NPR for North Texas
Play Live Radio
Next Up:
0:00 0:00
Available On Air Stations

Dallas STAAR scores on par with state, but still lag pre-COVID results

Rows of desks in a school classroom
Yfat Yossifor
Teacher Amanda Inay chats with Sophia Barajas-Ortiz on the first day of school Monday, Aug. 14, 2023, Rufino Mendoza Elementary School in Fort Worth.

Dallas school district students in grades 3 through 8 mostly mirrored kids across the state in how they performed on this past spring’s standardized State of Texas Assessment of Academic Readiness, or STAAR, test.

Some, though, did worse.

For example, among Dallas 7th grade math test takers, only 14% met the grade level expectations. That means those 14% of students were the only ones with “strong knowledge of course content ….prepared to progress to the next grade.”

Dallas ISD Superintendent Stephanie Elizalde said her staff is looking into why that grade underperformed.

“We have campuses that did not follow this trend, right? In aschool district this size, data can mask some really great outcomes,” she said. “And we need to find those islands of excellence so we can find out what did we do there and how did we get those results?”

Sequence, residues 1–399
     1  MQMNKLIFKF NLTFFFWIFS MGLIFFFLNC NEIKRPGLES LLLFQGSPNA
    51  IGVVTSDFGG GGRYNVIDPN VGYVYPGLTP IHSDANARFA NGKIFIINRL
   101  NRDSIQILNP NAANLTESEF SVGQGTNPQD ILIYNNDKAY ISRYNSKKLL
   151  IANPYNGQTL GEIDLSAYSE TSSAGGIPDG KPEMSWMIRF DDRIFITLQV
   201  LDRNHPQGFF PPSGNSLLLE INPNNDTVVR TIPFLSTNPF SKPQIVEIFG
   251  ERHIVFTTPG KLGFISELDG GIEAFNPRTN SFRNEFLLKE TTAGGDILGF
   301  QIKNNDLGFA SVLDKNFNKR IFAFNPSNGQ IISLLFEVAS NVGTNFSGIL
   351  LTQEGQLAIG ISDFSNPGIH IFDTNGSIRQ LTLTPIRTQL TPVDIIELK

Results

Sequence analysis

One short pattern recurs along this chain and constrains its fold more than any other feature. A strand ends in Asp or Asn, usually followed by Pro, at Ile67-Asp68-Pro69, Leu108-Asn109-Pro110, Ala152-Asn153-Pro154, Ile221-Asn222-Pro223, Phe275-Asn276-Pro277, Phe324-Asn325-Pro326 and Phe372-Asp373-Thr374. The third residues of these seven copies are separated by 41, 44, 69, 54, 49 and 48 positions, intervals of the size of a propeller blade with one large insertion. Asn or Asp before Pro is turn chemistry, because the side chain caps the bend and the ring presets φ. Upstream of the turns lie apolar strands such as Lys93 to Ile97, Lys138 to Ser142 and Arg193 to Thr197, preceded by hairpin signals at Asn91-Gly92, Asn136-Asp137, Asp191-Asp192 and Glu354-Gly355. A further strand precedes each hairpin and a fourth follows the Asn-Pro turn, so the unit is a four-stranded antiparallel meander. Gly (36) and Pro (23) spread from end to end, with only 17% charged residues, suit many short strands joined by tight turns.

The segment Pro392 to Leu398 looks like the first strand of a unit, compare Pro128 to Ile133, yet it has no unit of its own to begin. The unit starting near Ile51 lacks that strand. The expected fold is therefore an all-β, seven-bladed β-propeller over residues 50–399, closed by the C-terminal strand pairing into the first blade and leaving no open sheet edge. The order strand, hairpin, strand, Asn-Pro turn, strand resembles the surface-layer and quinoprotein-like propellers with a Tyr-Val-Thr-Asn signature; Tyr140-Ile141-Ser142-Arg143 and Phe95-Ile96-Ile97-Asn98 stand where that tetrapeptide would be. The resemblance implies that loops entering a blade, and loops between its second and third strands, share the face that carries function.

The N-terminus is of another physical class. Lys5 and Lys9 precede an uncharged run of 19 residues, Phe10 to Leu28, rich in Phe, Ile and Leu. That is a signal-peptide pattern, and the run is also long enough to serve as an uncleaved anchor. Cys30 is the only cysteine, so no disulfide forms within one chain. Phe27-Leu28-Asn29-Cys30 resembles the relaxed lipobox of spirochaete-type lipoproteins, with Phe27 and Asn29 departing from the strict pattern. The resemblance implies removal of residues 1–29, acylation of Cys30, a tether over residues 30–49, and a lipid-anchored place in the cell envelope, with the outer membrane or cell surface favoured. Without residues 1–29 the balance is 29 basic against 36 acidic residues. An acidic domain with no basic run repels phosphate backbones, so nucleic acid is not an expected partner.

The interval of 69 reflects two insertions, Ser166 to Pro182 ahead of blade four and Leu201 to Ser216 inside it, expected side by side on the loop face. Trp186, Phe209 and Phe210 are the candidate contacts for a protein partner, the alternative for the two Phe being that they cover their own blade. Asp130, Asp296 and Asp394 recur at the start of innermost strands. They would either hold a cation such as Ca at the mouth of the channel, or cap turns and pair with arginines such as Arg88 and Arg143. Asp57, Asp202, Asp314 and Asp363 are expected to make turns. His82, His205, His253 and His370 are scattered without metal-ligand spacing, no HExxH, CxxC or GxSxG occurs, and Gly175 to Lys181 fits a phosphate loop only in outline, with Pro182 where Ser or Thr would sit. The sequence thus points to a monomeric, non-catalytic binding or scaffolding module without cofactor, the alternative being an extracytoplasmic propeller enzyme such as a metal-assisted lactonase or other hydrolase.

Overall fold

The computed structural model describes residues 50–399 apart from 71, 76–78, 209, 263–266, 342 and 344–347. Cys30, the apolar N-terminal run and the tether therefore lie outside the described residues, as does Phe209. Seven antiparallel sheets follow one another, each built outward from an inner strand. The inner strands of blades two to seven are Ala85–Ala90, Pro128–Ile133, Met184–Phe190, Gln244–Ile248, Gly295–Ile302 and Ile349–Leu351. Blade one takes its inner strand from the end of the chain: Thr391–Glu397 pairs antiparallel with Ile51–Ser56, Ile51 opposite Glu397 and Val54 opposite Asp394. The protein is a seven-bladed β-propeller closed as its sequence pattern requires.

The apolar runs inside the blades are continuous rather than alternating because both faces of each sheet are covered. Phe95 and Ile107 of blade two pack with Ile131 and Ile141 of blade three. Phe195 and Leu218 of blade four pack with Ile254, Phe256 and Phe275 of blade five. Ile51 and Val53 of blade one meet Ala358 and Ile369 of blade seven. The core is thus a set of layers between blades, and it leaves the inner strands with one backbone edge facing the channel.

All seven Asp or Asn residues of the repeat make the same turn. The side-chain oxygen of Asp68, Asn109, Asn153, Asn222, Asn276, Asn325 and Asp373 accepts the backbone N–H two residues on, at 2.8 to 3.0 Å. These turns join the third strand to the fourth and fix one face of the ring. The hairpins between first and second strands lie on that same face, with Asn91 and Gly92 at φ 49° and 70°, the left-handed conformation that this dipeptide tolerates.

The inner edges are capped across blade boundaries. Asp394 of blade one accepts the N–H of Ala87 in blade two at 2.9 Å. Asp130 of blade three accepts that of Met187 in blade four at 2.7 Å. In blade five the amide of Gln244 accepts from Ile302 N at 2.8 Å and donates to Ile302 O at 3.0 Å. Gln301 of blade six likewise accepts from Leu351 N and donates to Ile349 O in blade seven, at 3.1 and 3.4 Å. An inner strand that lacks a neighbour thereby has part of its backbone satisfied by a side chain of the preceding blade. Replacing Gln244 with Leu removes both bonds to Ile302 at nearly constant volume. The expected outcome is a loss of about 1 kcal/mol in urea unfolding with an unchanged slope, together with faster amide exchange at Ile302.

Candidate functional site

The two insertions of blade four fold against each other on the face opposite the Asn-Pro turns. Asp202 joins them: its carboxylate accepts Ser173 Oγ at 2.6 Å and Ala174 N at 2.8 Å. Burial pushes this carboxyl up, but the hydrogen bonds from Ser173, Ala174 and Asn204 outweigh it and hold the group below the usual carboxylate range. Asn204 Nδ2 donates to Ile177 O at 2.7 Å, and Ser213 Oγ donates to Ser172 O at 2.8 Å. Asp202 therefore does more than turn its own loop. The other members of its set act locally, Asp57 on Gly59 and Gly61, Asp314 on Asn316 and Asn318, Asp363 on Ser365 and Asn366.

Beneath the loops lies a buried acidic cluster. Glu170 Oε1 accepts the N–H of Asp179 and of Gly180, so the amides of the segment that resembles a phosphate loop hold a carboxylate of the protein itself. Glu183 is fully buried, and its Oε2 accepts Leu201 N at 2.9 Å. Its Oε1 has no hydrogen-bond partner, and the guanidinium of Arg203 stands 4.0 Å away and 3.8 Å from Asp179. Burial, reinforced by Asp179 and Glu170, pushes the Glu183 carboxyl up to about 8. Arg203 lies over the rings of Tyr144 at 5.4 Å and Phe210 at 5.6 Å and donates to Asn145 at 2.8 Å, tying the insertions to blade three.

Elizalde said the district’s research will take some time.

Granted, 7th graders state-wide did not do much better in math. Only 35% - basically a third - met the grade standard.

Elizalde noted some other Dallas ISD student groups, like her 5th graders, actually outperformed the state average, if only by a percentage point.

“There is no gap between Dallas ISD performance that ‘approaches’ math or, - really important, the ‘meets level,’ because we all know that's really the measuring stick, right?” she said. “We need to make sure our students are on or above grade level.”

Elizalde said she and her staff are still taking about the challenges of COVID declines, even as Dallas and Texas are recovering faster than the rest of the country. She also said what Texas school leaders have said many times through the years - that Dallas ISD teachers are refraining from “teaching to the test,” in order to be more creative in the classroom and more successful with academic outcomes.

And she emphasized a continued focus on early childhood education.

“We know it pays off,” said Elizalde.

Bill Zeeble has been a full-time reporter at KERA since 1992, covering everything from medicine to the Mavericks and education to environmental issues.